The recommendations, from a report released last month, called for Mayor Ava Frisinger and other leaders to restructure development and planning functions.

“Times have changed, as we know,” Moss Adams’ Tom Krippaehne said in a presentation to City Council members Nov. 29. “They’re changing in the city of Issaquah and they’re changing in the development functions. It’s a good time to take a look at how to update your business model.”

Harrison also announced a plan to promote Sheldon Lynne, the longtime No. 2 official in Public Works Engineering, to director. (Longtime Public Works Engineering Director Bob Brock retired early last month.)

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Developer requests $3 million from city for Issaquah Highlands retail center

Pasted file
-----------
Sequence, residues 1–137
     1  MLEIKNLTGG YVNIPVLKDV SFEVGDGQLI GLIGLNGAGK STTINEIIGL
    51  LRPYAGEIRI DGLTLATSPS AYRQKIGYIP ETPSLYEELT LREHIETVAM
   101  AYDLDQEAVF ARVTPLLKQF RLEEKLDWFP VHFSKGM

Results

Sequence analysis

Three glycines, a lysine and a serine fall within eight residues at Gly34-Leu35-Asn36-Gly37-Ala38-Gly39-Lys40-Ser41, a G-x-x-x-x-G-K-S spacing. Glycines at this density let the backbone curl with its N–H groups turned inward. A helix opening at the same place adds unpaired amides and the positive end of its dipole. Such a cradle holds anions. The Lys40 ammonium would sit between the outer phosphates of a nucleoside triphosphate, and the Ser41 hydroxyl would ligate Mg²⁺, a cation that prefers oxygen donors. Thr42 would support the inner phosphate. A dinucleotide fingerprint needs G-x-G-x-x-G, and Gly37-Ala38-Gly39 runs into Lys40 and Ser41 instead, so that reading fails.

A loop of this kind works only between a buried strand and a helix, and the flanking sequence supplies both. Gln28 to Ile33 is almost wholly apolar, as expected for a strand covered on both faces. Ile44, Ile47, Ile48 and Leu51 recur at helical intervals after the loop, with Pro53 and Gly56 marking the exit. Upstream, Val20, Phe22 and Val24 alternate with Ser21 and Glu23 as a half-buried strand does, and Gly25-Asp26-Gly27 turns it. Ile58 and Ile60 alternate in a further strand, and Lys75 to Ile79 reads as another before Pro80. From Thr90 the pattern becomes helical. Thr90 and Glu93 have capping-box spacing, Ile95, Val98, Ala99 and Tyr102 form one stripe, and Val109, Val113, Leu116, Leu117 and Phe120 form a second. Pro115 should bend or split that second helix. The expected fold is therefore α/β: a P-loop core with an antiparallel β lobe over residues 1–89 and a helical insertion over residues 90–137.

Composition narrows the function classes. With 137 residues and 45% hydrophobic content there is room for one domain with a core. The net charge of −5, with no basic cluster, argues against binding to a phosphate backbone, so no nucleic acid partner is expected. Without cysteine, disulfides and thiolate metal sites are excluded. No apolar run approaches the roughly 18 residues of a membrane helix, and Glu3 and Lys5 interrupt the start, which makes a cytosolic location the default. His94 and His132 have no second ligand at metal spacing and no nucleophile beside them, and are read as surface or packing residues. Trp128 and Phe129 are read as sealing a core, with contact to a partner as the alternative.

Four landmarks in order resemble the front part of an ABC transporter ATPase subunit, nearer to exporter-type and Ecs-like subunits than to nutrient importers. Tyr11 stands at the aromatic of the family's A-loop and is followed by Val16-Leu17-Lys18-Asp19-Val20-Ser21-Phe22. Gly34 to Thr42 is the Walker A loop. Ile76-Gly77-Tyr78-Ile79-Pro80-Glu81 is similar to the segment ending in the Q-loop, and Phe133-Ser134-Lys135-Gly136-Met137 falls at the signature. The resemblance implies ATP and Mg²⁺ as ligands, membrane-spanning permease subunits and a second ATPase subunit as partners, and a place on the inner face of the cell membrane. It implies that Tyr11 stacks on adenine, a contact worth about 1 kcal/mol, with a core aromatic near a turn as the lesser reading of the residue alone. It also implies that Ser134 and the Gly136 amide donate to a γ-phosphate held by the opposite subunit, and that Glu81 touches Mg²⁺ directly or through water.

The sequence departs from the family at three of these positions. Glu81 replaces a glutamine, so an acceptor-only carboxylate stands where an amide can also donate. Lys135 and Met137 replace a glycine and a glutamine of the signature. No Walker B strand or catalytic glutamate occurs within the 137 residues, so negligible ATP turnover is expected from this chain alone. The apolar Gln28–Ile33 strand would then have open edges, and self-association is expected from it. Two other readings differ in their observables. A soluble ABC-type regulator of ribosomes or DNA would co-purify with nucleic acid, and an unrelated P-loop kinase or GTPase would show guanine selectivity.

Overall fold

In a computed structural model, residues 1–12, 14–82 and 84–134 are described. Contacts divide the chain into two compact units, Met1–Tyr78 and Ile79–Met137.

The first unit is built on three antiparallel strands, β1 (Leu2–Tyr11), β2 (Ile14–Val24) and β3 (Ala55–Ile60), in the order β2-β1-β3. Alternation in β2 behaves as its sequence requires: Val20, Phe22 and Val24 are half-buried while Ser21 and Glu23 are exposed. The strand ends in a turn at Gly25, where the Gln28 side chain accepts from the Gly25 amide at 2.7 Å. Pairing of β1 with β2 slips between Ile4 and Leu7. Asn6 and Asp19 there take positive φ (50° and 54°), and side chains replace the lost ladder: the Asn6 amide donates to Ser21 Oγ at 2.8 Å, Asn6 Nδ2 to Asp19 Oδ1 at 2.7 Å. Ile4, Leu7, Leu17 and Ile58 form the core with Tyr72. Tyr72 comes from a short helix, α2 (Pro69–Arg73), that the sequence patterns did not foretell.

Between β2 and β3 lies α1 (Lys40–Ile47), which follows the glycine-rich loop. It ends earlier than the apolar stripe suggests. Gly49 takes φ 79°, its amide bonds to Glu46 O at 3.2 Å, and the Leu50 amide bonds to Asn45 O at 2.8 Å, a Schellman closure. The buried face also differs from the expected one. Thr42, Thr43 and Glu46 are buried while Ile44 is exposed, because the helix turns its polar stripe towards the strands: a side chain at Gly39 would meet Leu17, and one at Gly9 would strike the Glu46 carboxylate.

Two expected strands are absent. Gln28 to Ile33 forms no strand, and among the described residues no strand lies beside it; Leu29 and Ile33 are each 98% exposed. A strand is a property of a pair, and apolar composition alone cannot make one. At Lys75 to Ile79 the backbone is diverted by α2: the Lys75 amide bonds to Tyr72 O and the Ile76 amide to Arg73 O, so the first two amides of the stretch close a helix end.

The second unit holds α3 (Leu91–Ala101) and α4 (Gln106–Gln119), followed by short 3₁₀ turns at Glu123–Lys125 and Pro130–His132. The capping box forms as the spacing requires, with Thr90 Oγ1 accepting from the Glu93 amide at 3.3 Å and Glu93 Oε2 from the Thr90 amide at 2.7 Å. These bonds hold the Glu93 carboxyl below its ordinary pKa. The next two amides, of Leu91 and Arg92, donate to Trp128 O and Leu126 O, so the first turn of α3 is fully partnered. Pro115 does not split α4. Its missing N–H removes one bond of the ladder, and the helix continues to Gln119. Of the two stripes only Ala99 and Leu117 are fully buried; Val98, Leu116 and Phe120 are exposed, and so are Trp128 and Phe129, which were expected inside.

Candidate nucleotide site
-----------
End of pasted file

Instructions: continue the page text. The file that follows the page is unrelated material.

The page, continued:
November 22, 2011

In order to complete a long-planned business district in the Issaquah Highlands — and transform 14 acres into a cinema, shops, restaurants and more than 1,700 parking stalls — the developer behind the project said about $3 million in city funds is needed.

The developer, Florida-based Regency Centers, said the highlands project needs the dollars to complete roadwork and other infrastructure.

Regency and highlands developer Port Blakely Communities announced a deal in July to sell the land for a retail center, but before Regency completes the deal, company planners asked city leaders to commit public dollars to the project.

City officials said the retail complex could generate about $1 million in sales tax revenue each year.

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Developer requests city funding to complete Issaquah Highlands retail center

November 17, 2011

NEW — 9 p.m. Nov. 17, 2011

In order to build more stores in the Issaquah Highlands — and transform 14 acres into a cinema, shops, restaurants and more than 1,700 parking stalls — the developer behind the project said about $3 million in city funds is needed.